4. Use Garden Furniture

A simple garden bench or small outdoor table by the pond may make things look a bit more artificial, but it also gives you convenient places to relax while you enjoy your garden pond. The more often you are tempted to sit out next to the pond, the more interesting wildlife moments you will observe.

5. Work On The Borders

Finally, try to make the borders of your small garden pond more appealing. Whether this means a stone walkway surrounding the pond, a few hedges or bushes on the borders, etc., you have plenty of options. This frames your pond and makes it more of an attraction in your garden.

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Fish Pond Supplies Shops in Yorkshire

A Day Trip to Bradshaws Pond Supplies, York 

Bradshaws Pond Supplies

Bradshaws Pond Supplies, York

There are already 101 reasons to visit the ancient city of York, York Minster, the National Railway Museum and the Shambles being just a few. But if you’re anything like me then you’ll want to make a trip to Bradshaw’s pond shop – a pond lovers paradise! Their shop is just a short, 10 minute drive from the city centre (more info on their contact page). I’m planning a second pond in a shaded part of the garden and needed some advice on the best way to approach it. The guys at Bradshaws are always very clued up on anything pond related, I’ve spoken with them on the phone before placing an order but it was good to speak with them face to face this time around. As well as advice on my second pond I needed to treat my original pond to a new pump. I was tempted to go for a hozelock pond pump after seeing a review in Gardeners World, after speaking with the Bradshaws guy I decided to go for one of these pond pumps – it fitted my budget my Koi seem to be enjoying it.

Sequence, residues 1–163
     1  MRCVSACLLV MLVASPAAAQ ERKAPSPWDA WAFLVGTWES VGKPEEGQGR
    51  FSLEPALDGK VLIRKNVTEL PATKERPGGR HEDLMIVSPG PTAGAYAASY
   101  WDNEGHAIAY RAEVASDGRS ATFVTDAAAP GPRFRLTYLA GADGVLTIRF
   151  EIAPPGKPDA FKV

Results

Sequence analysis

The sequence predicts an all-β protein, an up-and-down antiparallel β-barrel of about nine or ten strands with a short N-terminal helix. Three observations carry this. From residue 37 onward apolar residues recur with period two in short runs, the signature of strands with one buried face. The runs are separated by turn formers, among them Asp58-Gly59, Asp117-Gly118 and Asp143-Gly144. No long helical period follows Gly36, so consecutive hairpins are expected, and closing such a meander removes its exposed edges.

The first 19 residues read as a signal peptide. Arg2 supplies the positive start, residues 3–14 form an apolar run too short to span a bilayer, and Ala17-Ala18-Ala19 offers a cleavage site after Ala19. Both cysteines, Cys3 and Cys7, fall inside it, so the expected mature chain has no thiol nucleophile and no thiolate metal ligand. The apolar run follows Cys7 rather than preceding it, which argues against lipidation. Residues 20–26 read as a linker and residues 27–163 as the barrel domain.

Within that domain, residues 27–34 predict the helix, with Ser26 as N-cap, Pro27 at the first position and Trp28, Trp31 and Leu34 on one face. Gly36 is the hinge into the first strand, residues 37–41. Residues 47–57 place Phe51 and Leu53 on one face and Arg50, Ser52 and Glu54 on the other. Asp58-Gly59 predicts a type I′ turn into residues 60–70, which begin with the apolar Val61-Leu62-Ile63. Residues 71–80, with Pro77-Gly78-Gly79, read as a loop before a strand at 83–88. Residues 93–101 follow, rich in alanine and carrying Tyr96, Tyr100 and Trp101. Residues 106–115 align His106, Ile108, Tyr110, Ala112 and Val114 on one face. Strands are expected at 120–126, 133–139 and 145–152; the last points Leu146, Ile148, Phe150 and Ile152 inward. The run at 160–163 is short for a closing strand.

All in all, I’d recommend dropping in to the Bradshaws shop if you’re anywhere near York, I’ve never met a group of people more clued up on ponds than these guys and their selection of products is amazing. Otherwise you can always visit them online (or download a copy of their catalogue and browse offline!).
P.S My favourite page has to be the pond calculator page! It lets you know exactly what type of pond pump to buy, how much pond liner you need, what volume of water your pond holds and how much pond sealant you might need. http://www.bradshawsdirect.co.uk/calculators